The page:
The U.S. Consumer Product Safety Commission (CPSC) announced on March 11, 2013 that Chicago-based Kolcraft has agreed to pay a civil penalty in the amount of $400,000. In addition to the monetary penalty, Kolcraft agreed to implement robust changes to its internal control and compliance systems.

CPSC alleges that the firm knowingly failed to report to CPSC immediately, as required by federal law, a defect involving Kolcraft Travelin’ Tot play yards and play yards manufactured by Kolcraft for Carter’s, Sesame Street, Jeep, Contours, Care Bare, and Eric Carle. The play yards were sold nationwide from January 2000 through January 2009 for between $50 and $160. The side rail of the play yards can fail to latch properly and can unlatch unexpectedly when a child pushes against it, posing a fall hazard to children.

Kolcraft began to receive reports of the play yard collapsing almost immediately in 2000 and did its own testing which uncovered the hazard in 2005. From 2000 through July 2009, Kolcraft received at least 350 reports of the play yard collapsing, resulting in 21 injuries. Despite redesigning the product in 2006, Kolcraft did not report that information to CPSC until January 2009. In July 2009, Kolcraft and CPSC recalled one million of the play yards.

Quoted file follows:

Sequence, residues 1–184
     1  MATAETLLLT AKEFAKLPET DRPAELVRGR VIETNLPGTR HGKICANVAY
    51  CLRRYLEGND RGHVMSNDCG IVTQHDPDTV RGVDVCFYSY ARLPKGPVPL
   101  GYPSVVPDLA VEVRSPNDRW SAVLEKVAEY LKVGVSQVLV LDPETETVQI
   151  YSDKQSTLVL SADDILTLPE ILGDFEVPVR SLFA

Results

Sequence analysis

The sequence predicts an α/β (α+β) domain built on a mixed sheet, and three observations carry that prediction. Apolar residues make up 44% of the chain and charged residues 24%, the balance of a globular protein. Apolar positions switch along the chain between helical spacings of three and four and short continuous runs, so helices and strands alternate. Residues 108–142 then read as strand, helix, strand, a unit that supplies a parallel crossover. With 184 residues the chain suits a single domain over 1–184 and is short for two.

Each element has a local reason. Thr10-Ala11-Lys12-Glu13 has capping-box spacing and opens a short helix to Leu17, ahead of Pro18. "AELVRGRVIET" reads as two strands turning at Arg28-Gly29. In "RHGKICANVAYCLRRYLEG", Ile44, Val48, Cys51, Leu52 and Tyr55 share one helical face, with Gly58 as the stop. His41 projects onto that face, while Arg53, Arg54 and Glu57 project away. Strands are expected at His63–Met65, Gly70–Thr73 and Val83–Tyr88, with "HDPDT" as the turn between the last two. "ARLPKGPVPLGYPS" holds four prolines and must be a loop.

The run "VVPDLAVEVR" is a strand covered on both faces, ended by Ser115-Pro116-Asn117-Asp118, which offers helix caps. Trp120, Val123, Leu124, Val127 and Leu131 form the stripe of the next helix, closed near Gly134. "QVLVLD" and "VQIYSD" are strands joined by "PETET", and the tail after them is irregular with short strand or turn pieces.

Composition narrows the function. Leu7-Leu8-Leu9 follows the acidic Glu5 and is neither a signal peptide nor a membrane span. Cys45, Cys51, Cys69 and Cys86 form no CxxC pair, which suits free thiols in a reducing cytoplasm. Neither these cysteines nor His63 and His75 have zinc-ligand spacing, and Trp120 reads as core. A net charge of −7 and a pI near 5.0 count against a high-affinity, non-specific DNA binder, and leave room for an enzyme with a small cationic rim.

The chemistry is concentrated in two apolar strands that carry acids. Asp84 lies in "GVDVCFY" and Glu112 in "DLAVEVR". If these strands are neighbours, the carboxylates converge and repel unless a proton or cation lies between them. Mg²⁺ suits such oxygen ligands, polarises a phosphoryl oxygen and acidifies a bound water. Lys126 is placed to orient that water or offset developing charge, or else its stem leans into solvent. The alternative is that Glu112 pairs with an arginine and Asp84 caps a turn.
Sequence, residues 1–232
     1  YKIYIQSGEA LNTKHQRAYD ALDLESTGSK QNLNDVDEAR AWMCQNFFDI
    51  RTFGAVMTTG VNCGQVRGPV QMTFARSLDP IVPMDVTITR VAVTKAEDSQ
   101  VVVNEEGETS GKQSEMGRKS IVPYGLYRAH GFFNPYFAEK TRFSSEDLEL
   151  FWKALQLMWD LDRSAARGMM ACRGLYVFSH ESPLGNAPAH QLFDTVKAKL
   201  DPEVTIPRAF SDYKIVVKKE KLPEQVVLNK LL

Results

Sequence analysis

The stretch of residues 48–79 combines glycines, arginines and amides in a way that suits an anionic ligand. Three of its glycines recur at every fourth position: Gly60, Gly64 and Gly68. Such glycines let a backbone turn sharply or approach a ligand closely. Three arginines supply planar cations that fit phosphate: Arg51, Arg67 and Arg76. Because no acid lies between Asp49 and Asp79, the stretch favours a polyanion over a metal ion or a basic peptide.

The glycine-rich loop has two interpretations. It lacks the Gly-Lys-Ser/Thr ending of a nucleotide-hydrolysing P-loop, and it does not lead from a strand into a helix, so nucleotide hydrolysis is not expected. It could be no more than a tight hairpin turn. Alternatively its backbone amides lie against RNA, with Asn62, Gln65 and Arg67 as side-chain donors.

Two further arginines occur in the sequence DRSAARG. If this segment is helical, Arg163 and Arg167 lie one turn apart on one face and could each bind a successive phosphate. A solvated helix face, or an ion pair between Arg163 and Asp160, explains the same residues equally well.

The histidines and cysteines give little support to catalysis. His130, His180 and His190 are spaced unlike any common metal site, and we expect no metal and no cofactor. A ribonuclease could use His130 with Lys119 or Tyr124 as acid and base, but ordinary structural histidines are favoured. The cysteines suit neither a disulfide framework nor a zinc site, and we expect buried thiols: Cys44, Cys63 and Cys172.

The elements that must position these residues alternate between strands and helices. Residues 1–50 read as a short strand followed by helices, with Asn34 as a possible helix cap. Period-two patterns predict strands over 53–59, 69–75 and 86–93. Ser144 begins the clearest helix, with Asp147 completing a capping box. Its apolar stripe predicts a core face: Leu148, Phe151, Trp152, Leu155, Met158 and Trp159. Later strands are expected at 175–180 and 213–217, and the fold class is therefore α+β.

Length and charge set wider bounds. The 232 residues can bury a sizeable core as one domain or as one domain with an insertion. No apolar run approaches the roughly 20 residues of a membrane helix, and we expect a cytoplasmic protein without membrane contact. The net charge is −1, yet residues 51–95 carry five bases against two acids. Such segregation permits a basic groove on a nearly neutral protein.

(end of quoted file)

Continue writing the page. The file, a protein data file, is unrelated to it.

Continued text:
This lack of reporting and willingness to keep selling a defective product is even more disturbing in light of Kolcraft’s actions in the 1990’s.  Kolcraft was the manufacturer of the Playskool Travel-Lite portable crib which killed Danny Keysar in 1998.  Again, complaints of the product collapsing and deaths began very shortly after the product entered the market in the early 90’s but wasn’t recalled until 1993.  Danny was the fifth child to die (out of less than 12,000 sold) and another child died in New Jersey months later.  Worse, Kolcraft sold this faulty design to other manufacturers.  In total, at least 20 children have died in portable cribs of the same design.  Kolcraft was never fined for their actions in the Playskool Travel Lite recall.